‘And You Know Who I Am’: Paul Robeson in Concert stages the musical innovations of Paul Robeson, famed international star of stage and screen, from his earliest concertized spirituals through his folk songs.
In 1939, Robeson took to the CBS airwaves in a performance of the now-iconic “Ballad for Americans,” a ten-minute composition for soloist and chorus by John La Touche and Earl Robinson that detailed the history of the nation from its founding through the end of the depression. Written for the Federal Theatre Project, “Ballad” found a huge audience by asking the enduring question: “Who are we?” Robeson was uniquely positioned to provide an answer. The son of a formerly enslaved person who absconded with his freedom, Robeson was a Phi Beta Kappa scholar, Columbia Law School graduate, and famed concert singer and actor before becoming a global anti-colonial, civil rights, and labor activist. “Ballad for Americans” revealed Robeson’s love and concern for a nation still in the making. Backed by a large chorus, he sung of histories that included the failed promises of freedom announced by the Constitution (such as lynching), while he also extolled the nation’s virtues, which he located most concretely and proudly in the diversity of its citizens. When asked repeatedly by the choir to identify himself, Robeson responded with a litany of diverse identities, in particular, those “nobodies” whom he argued became “everybody.” This effort—to name ourselves in moments of despair and/or doubt—is an ongoing practice that singers and choirs alike took up in the years after the premiere of “Ballad” and one that is still needed today.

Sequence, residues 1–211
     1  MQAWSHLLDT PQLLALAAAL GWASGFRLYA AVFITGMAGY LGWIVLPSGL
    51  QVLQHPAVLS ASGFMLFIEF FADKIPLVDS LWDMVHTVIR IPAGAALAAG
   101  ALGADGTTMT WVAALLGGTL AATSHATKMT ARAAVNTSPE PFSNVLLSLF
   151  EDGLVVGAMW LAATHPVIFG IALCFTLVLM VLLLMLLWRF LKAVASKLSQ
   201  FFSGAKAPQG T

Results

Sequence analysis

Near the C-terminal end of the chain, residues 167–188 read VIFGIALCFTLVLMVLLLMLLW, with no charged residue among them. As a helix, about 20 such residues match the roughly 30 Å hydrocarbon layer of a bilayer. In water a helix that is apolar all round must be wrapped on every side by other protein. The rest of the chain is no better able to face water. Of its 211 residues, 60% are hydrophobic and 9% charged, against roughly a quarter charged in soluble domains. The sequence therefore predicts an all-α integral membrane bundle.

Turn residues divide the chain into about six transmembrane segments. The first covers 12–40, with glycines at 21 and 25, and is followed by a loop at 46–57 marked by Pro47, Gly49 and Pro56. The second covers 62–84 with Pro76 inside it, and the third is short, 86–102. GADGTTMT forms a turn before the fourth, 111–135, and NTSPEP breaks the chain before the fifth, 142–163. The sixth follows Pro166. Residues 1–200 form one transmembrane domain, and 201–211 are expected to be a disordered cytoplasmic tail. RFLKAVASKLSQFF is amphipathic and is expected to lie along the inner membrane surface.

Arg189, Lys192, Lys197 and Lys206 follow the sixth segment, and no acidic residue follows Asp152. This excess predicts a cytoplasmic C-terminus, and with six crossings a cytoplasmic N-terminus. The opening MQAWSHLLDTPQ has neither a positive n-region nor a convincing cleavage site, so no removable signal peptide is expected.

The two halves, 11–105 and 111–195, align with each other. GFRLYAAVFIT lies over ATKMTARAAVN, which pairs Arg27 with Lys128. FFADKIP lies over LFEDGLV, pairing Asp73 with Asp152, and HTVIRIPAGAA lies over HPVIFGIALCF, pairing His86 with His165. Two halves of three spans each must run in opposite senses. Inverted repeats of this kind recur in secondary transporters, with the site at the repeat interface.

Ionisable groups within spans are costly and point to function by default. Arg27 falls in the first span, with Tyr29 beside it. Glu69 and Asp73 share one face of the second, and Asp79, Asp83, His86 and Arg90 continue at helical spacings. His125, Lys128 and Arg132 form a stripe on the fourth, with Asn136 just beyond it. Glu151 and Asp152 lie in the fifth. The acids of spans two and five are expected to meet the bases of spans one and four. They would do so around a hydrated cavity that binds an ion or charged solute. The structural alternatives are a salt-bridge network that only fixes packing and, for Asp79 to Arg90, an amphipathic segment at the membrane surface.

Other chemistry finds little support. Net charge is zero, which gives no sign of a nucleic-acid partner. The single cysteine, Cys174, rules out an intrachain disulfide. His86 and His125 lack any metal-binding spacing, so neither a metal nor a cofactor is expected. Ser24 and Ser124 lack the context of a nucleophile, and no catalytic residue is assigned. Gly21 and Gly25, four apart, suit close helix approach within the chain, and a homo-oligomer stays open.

As the centerpiece of the evening’s program, “Ballad for Americans” includes a collaborative performance by UCLA Chamber Singers and UCLA Music of African Americans delivering an updated version of the song. The other songs in the night’s repertoire are performed by students and invited guests Toshi Reagon and baritone Steve McClain.
Don’t miss the pre-concert discussion, "Everything Man: Author Meets Critics,” of Musicologist Shana L. Redmond's newly released monograph, “Everything Man: The Form and Function of Paul Robeson,” which brings historical perspective to ongoing struggles of representation and justice.